In Summary
  • His vast discography, ranging from the 1960s through to the 1990s, is one that rhumba fans cherish.
  • Simaro was never fond of travelling outside Kinshasa.
  • In his last trip to Europe, he was forced to travel to France for a medical check-up and treatment.

With Kinshasa preparing for the funeral of rhumba musician Lutumba Simaro Massiya, his ardent fans in Kenya, including doctors, radio broadcasters, scholars and a seasoned trade unionist, have been paying tributes to their idol.

The fans are yet to come to terms with the death of a man who was the longest-serving vice-president of the great TPOK Jazz band, which was led by Franco. TPOK Jazz was founded in 1956 and was for close to three decades in the forefront of musical entertainment in the DR Congo.

Though many did not understand the message in the lyrics in the Lingala language, they listened, danced and sang to the genius of his compositions. The band master, who was popularly known as Le Poete (the poet), wowed and carried fans along for many decades.

His vast discography, ranging from the 1960s through to the 1990s, is one that rhumba fans cherish.

Fellow veteran Congolese musician Kiamuangana Mateta Verckys told the Saturday Nation that several artistes and government officials from Kinshasa would travel to Paris to ferry the body home for a state burial. His burial date is yet to be confirmed.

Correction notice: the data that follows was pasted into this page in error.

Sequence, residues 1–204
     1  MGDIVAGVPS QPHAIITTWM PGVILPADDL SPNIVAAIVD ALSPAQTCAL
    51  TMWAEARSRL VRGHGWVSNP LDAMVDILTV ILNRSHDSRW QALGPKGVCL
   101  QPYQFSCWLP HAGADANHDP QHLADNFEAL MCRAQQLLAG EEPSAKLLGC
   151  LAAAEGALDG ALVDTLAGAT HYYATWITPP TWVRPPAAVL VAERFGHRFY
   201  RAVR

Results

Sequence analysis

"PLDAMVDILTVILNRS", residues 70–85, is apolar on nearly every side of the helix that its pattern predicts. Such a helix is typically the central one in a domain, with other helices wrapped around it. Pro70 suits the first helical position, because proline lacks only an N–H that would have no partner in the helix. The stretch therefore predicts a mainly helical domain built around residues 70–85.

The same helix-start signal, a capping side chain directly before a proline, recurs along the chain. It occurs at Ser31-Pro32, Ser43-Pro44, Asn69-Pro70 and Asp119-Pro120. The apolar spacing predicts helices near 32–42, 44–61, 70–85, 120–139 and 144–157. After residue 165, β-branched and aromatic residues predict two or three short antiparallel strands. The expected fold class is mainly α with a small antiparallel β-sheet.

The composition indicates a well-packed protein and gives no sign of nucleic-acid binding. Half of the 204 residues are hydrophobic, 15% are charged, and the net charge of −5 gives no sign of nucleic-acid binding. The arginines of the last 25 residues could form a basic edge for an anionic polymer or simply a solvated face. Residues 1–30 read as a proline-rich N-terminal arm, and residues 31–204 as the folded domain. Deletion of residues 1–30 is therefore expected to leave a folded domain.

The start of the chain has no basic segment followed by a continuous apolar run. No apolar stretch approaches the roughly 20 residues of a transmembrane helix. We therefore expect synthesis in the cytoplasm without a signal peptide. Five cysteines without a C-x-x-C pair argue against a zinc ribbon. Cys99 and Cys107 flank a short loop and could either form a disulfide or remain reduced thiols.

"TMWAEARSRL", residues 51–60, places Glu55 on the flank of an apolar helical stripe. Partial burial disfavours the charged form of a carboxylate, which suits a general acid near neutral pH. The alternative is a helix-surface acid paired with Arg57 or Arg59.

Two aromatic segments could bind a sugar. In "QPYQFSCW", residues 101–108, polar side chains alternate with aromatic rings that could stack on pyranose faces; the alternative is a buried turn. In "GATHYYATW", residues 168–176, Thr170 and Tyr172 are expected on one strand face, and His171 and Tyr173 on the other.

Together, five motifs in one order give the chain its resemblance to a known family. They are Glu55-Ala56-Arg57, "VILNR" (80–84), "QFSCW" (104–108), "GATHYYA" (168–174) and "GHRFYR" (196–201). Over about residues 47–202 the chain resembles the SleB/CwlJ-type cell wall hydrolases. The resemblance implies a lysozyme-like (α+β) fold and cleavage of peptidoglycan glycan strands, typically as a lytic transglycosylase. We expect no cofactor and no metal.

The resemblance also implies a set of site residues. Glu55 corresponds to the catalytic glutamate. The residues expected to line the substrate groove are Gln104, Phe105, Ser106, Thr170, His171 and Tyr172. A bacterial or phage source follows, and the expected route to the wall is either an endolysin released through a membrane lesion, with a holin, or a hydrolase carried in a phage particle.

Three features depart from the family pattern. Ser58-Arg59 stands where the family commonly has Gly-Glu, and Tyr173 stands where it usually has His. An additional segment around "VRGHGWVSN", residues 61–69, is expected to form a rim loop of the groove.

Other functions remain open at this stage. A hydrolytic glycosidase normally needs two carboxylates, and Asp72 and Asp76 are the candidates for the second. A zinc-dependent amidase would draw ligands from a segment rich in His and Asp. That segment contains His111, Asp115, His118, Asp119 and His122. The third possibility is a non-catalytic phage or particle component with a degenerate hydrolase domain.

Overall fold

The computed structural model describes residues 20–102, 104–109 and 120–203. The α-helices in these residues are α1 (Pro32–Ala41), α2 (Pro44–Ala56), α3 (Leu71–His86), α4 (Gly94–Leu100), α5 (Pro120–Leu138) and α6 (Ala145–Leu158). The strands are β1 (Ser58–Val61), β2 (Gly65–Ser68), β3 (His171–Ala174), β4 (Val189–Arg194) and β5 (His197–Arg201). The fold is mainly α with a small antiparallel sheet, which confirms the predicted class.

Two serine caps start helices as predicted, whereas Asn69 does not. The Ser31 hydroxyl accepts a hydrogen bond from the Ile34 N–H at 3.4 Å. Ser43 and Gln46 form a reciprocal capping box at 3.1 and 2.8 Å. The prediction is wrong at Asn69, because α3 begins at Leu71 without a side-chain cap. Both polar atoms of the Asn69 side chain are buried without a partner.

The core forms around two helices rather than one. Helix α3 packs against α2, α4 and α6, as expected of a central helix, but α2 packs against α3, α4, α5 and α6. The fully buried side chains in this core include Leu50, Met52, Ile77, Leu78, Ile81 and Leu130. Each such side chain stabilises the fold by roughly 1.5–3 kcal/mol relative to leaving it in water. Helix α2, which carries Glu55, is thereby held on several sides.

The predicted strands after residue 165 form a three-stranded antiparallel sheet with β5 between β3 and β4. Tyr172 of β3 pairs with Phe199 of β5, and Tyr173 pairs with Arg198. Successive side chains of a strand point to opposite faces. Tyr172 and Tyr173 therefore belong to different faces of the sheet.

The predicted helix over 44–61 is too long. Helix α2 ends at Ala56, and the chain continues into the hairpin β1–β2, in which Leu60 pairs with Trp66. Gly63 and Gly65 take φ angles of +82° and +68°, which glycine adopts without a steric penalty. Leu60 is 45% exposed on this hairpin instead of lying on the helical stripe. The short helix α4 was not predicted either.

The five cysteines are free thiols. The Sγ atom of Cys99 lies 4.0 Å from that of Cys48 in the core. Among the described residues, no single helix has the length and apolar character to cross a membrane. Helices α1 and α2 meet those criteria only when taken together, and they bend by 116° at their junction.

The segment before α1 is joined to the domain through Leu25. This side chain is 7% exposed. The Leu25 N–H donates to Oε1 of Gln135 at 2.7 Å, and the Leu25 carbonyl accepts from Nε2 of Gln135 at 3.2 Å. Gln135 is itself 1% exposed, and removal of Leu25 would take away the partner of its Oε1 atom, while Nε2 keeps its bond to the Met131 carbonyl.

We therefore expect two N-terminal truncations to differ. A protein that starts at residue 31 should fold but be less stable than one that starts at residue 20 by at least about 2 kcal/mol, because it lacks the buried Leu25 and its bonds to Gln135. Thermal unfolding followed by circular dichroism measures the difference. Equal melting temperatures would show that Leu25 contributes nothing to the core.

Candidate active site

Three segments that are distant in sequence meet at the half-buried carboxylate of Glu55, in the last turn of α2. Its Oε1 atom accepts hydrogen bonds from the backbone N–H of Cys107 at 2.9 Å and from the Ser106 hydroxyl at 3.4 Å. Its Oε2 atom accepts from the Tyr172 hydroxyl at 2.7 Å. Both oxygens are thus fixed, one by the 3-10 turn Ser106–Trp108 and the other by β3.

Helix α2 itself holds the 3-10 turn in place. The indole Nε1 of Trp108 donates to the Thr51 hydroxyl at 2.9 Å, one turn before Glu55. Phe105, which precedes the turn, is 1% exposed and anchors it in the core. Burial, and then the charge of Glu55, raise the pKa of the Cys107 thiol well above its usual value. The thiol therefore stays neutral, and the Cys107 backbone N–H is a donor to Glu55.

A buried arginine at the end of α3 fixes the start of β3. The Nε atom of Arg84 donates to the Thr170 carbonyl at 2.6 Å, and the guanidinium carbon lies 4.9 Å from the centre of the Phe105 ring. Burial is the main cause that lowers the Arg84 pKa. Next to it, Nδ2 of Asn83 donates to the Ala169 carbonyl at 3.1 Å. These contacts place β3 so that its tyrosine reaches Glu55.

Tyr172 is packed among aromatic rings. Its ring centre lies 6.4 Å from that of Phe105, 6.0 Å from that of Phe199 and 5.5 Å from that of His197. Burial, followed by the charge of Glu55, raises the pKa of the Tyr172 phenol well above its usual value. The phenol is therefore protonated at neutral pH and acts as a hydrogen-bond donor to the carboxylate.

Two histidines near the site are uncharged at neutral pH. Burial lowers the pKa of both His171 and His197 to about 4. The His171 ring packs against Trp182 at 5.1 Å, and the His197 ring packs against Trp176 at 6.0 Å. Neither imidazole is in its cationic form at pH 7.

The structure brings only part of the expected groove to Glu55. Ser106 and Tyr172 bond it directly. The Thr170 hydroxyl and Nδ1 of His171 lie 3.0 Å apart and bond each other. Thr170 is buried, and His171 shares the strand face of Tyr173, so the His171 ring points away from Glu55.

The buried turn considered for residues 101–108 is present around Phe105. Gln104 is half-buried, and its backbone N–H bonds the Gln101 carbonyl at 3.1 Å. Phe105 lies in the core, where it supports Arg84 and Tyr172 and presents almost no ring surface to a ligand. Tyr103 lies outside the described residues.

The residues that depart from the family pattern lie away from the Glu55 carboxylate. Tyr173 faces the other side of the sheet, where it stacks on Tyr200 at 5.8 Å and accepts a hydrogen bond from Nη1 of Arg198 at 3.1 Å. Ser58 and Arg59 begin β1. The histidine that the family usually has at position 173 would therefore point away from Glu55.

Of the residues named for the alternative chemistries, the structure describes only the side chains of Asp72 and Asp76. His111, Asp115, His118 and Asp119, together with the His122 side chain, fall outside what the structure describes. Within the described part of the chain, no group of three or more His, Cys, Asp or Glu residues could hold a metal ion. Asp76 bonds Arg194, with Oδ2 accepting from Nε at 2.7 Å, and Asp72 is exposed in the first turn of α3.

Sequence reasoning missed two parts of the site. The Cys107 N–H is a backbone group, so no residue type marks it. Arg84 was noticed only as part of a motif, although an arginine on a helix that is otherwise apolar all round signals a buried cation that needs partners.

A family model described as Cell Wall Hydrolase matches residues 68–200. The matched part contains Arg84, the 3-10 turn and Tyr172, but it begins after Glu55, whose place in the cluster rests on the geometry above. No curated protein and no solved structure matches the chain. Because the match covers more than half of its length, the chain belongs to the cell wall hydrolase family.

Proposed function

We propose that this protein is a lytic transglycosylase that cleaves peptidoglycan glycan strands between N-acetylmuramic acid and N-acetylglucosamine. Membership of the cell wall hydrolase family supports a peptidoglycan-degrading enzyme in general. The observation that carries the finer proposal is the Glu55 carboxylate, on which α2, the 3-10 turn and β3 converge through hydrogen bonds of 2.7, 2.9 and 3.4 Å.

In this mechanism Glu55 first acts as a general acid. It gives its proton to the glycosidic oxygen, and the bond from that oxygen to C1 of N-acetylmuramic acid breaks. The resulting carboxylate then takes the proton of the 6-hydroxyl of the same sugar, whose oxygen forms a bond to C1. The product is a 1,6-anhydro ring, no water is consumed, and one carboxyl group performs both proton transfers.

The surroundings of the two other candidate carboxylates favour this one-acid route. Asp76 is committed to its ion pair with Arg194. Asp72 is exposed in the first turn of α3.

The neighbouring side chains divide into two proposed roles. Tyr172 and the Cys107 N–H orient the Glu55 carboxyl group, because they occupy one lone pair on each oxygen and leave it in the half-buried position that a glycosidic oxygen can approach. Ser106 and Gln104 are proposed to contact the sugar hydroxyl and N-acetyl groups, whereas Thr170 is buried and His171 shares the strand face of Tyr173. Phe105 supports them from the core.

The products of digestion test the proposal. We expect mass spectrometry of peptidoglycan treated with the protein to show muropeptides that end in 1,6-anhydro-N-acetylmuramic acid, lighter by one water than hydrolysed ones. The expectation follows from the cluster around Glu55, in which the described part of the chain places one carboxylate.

A remarkable feat by Simaro, who died at 81 on March 30, 2019, was his choice of commanding solo voices in some of his most popular compositions. Some of the most notable songs featuring lone vocalists were “Mabele” (Sam Mangwana), “Kadima” (Djo Mpoyi), “Ebale ya Zaire” (Sam Mangwana), “Faute Ya Commercant”, (Sam Mangwana), “Maya” (Carlito Lassa), “Testament ya Bowule” (Malage Lugendo), “Mandola” (Djo Mpoyi), “Mbongo” (Djo Mpoyi), “Dati Petrole” (Madilu System) and “Mobali ya Bato” (Mbilia Bel).

Aids researcher and consultant psychiatrist Dr Sobbie Mulindi deeply cherishes his moments with Simaro, whom he first met in Kinshasa and later Nairobi in the early 1980s.

“My first encounter with Simaro was at a club in Kinshasa and later at the Memling Hotel in Kinshasa, where we had dinner,” he said.

TPOK BAND

In TPOK, Simaro was a close confidant of Franco and was seen as the silent hand behind the running of the band. Being fluent in French, Dr Mulindi found it easy to get around in Kinshasa.

Simaro was never fond of travelling outside Kinshasa. In his last trip to Europe, he was forced to travel to France for a medical check-up and treatment.

“During live shows, I watched him quietly strumming his guitar as the rest of the band members danced,” Dr Mulindi said.

He also met Simaro when the band toured Kenya in 1983 and he was flanked by Kenyan twist legend Daudi Kabaka. His favourite songs by Simaro are “Bisalela” and “Mbongo” and the rhumba ballad “Gege Yoka”.

London-based veteran Congolese guitarist Mose Fan Fan, of the “Papa Lolo” hit song fame, earlier this week recalled that when he joined TPOK Jazz in 1968, Simaro and Franco were the key guitarists.

“I was invited to join the band as a lead guitarist through the encouragement of Simaro, who was very kind to me throughout my stay in the group,” Mose said.

He performed alongside immensely talented guitarist Celi Bishou, who composed the “Infidilte Mado”. Other notable band members were Vicky Longomba, Youlou Mabiala and Lola Checain. Mose was recognised as amongst those by then able to play the solo guitar with Franco’s deft touch.

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